In an attempt to reduce harm caused by terrorism-related gun violence on U.S. soil, President Barrack Obama wants to use the government’s “no fly” list to restrict firearm purchases. The proposal is an awful idea for several reasons; firstly, the U.S. “no fly” list contains about 50,000 people, The Intercept reported last August — many of which are innocent Americans with no ties at all to terrorism.
The U.S. “no fly” list overlaps with a larger database of suspected terrorists called Terrorist Identities Datamart Environment, or TIDE, that’s managed by the National Counterterrorism Center. As of 2013, TIDE contained more than one million names, nearly half of which have no connection to terrorism, according to classified documents handed over to The Intercept via a source in the intelligence community.
Due to their inaccuracy, watch lists do not serve as an effective tool for determining who should lose their constitutional rights. Illustrating just how sketchy these lists can be, it was revealed Monday morning that 72 Department of Homeland Security (DHS) employees are listed on the U.S. government’s terrorist watch list, reports The Washington Free Beacon.
Government workers on U.S. terror watch list
Those 72 DHS workers are still employed with the agency as of last August, said Rep. Stephen Lynch (D., Mass.) during a congressional investigation, which resulted in the resignation of the former DHS director.
Aside from the fact that watch lists are poorly managed, using them to revoke Americans’ constitutional rights is against everything our country stands for. The following snippet from The Daily Beast explains perfectly the fallacies in Obama’s proposal:
I’m seeing a lot of friends and others who generally hang out near me on the left of the political spectrum express outrage at a recent vote in Congress to reject fixing what at first glance seems like a terrible loophole: People on the terrorist watch list can still buy guns. Even President Barack Obama, who called Sunday night for a law that would prevent people on a subset of the terror watch list from purchasing a firearm, is among this crowd.
Their outrage stems from the logical reaction, “If there are people we think are bent on doing us harm, why are we giving them easy access to the tools to do it?”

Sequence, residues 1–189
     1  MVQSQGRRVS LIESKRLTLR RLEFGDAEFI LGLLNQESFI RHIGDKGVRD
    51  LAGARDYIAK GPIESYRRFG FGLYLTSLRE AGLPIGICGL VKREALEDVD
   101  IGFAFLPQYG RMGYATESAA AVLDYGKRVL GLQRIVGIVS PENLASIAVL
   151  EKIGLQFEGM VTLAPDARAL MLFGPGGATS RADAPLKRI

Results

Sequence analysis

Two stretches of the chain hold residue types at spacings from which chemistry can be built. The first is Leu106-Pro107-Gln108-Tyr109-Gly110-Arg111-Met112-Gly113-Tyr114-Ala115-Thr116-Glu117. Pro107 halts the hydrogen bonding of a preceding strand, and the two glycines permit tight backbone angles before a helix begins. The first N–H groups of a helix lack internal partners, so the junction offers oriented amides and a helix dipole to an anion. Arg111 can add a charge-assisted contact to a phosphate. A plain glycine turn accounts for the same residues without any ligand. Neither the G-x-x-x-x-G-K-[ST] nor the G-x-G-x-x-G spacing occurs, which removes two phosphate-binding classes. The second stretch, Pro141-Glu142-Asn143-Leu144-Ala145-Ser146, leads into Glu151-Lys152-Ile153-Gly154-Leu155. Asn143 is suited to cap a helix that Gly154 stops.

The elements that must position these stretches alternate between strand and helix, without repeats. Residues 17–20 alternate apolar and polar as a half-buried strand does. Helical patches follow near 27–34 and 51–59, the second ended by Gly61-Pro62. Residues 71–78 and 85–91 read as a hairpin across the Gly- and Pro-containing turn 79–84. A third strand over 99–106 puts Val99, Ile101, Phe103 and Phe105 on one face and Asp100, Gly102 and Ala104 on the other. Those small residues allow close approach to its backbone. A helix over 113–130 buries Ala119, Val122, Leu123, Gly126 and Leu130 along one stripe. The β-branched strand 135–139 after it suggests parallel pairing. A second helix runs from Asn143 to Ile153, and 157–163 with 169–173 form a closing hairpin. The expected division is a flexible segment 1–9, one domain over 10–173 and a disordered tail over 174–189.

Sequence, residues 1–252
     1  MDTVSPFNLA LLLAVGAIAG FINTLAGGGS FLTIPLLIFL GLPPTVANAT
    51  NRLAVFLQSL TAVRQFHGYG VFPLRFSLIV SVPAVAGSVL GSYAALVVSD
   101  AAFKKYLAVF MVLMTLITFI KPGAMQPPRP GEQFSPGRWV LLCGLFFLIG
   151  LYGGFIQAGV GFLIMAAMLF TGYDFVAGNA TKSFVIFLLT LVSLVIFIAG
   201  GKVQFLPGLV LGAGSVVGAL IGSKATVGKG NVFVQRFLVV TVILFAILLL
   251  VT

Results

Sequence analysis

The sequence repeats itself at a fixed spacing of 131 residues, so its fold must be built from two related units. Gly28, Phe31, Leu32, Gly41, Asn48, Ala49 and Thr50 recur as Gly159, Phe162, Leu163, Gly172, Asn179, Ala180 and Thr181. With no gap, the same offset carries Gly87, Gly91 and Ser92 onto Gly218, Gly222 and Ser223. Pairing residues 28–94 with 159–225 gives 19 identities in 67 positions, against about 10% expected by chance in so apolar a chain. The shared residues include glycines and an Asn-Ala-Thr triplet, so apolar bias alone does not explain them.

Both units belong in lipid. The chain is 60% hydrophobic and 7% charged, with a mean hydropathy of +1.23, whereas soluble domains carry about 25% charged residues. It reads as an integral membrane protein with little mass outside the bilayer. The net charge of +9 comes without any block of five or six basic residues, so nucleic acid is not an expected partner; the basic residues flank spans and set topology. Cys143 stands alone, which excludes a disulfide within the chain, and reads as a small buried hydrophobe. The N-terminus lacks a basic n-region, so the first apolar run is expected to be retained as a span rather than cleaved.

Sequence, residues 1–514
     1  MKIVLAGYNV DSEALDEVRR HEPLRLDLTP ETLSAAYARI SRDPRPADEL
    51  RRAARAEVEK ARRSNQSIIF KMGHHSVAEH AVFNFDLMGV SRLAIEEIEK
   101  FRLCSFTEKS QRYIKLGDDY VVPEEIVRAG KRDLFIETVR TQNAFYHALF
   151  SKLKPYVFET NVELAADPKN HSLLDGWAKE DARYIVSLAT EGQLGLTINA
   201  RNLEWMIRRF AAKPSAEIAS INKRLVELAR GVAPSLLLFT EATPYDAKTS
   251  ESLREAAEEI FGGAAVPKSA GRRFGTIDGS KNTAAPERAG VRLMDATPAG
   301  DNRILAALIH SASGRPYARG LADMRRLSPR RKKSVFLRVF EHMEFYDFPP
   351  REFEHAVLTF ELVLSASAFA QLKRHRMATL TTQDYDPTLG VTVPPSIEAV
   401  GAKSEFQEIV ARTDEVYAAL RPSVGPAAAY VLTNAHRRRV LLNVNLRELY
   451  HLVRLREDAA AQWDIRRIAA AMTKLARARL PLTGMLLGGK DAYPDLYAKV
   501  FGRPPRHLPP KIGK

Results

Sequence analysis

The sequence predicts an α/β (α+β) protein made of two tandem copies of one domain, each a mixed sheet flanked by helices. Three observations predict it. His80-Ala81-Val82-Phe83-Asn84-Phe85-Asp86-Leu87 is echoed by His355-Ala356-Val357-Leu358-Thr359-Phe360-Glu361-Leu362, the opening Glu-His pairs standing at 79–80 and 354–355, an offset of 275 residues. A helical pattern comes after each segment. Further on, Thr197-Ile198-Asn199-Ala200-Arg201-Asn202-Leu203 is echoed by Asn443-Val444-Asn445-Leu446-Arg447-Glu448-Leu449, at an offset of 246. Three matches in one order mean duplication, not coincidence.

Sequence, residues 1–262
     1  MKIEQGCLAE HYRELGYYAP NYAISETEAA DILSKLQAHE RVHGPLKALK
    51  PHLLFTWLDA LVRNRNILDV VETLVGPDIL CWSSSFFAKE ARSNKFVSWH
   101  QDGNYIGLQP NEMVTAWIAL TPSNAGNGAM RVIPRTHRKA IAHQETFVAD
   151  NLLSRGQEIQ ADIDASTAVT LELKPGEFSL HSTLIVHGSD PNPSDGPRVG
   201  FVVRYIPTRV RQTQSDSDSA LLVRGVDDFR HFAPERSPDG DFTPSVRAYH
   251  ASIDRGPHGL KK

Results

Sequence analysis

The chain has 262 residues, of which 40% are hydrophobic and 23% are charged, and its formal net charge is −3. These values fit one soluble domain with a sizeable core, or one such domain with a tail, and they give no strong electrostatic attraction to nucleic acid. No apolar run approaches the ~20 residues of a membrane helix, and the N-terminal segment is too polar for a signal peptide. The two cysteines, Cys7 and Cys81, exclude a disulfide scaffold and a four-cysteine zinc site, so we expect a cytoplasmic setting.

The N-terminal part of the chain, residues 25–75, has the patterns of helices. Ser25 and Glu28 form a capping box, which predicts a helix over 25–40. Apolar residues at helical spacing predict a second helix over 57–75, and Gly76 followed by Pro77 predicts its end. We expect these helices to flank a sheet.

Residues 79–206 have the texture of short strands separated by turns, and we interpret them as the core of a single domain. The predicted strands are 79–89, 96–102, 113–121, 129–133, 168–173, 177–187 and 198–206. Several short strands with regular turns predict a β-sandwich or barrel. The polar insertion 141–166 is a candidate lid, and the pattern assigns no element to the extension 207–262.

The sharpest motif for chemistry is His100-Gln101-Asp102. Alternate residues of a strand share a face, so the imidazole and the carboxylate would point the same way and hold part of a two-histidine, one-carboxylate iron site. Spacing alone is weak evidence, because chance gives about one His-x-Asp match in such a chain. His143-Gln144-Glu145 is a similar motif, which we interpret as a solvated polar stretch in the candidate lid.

The concern is reasonable. The proposed remedy—to deny people on the watch list the ability to buy guns—is not, however. Not because it has anything to do with guns, but because it has to do with lists.
As Americans we understand well how important due process is. No one, for instance, should be thrown in jail just on the say-so of some government official who declares they deserve it. Such is the behavior of tyrants, the Founding Fathers understood, and so we enshrined in our Constitution the right to counsel, the right against being compelled to testify against oneself, the right to trial by jury, etc.
All of these rights are checks to ensure the government can’t simply pluck innocent people out of their lives and strip them of their life, liberty, or property. Only after fairly testing the charges against them can the government punish people with such deprivation.
Using lists to yank citizens’ rights is unconstitutional
But none of these hurdles must be overcome for the government to put someone on a list, especially not a list like this, which is a watch list. It is a list of people that for whatever reason (a reason that no one outside the government knows) the government has decided deserve closer scrutiny of their actions.
Commenting on Obama’s proposal to remove gun rights from individuals on the “no fly” list, Senator Marco Rubio (R-Fla.) said:
These are everyday Americans that have nothing to do with terrorism, they wind up on the no-fly list, there’s no due process or any way to get your name removed from it in a timely fashion, and now they’re having their Second Amendment rights being impeded upon.
If these were perfect lists, that’d be one thing, but there are over 700,000 Americans on some watch list or another that would all be captured under this amendment that Democrats offered. That’s the problem. There aren’t 700,000 terrorists operating in America openly on watch lists.